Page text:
Quebec Premier François Legault is holding to his government’s plans to increase economic immigration and prioritize skilled workers and entrepreneurs.
In a recent interview published in the French-language newspaper Le Devoir, Legault reiterated his government’s goal of admitting between 49,500 and 52,500 immigrants by 2022 and that, of this number, 65 per cent would be selected through Quebec’s economic-class immigration programs compared to 59 per cent this year.
Legault’s Coalition Avenir Québec (CAQ) government, which came to power in October 2018, temporarily reduced the province’s immigration target for 2019 to 40,000 — a decrease of roughly 20 per cent over 2018. The CAQ said this was necessary in order to ensure newcomers to the province were properly integrated into Quebec society.
The 2022 target of up to 52,500 newcomers would return Quebec’s immigration level to where it was four years prior.
Legault told Le Devoir that Quebec’s doors are wide open to immigration candidates with skills required by Quebec companies. When asked if he was referring to individuals such as engineers, he said “I don’t want to refuse one of these people.”
Quebec is facing an acute shortage of labour that is only expected to worsen in the coming years as the province’s population ages and more workers retire.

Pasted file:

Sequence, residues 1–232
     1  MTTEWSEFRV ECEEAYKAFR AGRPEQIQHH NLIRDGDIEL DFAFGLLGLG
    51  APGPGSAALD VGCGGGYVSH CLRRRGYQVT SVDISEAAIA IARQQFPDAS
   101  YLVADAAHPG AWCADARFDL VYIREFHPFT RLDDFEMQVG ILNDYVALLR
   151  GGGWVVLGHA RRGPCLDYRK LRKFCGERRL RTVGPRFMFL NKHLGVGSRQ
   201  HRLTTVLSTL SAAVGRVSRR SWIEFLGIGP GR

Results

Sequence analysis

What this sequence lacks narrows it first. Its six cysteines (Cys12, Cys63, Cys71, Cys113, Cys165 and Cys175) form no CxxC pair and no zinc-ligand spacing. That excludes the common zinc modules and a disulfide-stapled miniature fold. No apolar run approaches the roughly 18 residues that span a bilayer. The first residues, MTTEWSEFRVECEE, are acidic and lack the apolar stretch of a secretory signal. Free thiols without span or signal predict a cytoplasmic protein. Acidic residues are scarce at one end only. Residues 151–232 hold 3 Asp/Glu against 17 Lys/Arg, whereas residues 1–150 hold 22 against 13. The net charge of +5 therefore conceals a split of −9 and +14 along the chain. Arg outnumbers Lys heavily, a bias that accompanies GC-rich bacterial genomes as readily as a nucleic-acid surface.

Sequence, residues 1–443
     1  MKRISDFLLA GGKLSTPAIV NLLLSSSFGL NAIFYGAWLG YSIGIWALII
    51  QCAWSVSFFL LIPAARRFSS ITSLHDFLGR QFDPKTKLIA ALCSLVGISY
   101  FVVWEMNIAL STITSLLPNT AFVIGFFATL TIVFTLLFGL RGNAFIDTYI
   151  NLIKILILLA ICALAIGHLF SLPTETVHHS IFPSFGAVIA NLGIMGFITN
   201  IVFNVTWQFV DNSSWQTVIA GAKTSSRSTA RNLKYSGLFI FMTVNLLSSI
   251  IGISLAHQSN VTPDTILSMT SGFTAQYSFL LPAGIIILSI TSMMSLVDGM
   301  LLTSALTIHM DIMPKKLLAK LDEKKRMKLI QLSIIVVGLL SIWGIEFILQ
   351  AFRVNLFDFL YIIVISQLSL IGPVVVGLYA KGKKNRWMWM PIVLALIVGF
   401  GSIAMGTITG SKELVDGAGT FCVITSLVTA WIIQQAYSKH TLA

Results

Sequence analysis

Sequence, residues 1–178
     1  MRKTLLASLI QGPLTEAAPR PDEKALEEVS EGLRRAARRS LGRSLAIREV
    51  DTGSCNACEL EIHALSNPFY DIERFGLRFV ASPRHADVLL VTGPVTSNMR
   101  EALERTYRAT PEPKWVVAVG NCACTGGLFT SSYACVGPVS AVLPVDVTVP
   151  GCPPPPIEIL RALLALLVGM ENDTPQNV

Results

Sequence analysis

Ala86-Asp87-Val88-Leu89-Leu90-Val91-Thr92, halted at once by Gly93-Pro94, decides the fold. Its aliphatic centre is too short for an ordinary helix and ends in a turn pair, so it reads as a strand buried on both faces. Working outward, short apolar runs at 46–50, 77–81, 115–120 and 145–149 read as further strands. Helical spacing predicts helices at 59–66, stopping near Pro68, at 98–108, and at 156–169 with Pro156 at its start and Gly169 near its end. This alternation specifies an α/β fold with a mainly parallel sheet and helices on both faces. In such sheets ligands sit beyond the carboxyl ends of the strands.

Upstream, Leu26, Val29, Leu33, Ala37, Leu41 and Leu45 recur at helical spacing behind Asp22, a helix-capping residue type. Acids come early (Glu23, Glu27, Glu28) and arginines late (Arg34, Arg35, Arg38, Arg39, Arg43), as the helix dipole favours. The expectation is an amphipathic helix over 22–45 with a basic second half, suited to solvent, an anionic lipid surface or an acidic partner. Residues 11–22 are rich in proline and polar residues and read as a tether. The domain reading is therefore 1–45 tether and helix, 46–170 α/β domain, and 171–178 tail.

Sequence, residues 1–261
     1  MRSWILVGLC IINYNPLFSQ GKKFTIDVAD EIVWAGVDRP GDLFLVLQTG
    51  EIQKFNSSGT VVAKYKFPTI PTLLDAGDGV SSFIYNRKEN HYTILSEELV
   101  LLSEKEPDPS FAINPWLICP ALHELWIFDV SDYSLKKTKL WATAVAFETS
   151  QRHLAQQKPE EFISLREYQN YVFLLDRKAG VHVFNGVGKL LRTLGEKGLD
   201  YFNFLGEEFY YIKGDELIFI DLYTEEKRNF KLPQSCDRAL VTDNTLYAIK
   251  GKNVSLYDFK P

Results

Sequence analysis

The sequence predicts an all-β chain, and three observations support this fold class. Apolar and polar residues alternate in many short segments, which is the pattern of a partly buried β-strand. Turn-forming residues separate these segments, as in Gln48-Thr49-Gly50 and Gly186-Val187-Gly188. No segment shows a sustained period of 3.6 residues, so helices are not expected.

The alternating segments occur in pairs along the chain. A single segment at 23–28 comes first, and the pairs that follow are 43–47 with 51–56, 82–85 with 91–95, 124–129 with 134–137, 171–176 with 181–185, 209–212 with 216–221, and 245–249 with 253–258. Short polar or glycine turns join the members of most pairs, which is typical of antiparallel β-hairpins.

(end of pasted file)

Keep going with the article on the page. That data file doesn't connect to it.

Legault said addressing the labour shortage has been his highest priority during his first eight months at the head of Quebec’s government.
Last week, Immigration Minister Simon Jolin-Barrette said the province’s online Arrima platform is expected to accelerate the selection of immigrants based on the needs of the Quebec labour market.
Arrima manages the profiles of candidates for the Quebec Skilled Worker Program (QSWP), which serves as the province’s main source of skilled foreign labour.
The minister stated that the revamped platform will soon allow employers to select QSWP candidates who match their labour needs. The system promises a six-month processing time for those invited to apply for Quebec Selection Certificate, rather than the current 36-month processing time.
With less than four months to go before Canada’s federal election, Legault is also asking the leaders of Canada’s national political parties to commit to approving the addition of a new condition for Canadian permanent residence for all immigrants settling in Quebec that will require the successful completion of a values test and a French test no later than three years after their arrival.
Quebec needs the go-ahead from Canada’s federal government to tie permanent residence to these conditions, which critics say may violate Canada’s Charter of Rights and Freedoms.
Both the governing Liberals and the federal Conservative Party of Canada have refused to endorse the conditions, citing the lack of clarity around what the details of the tests and what will happen to those who fail.
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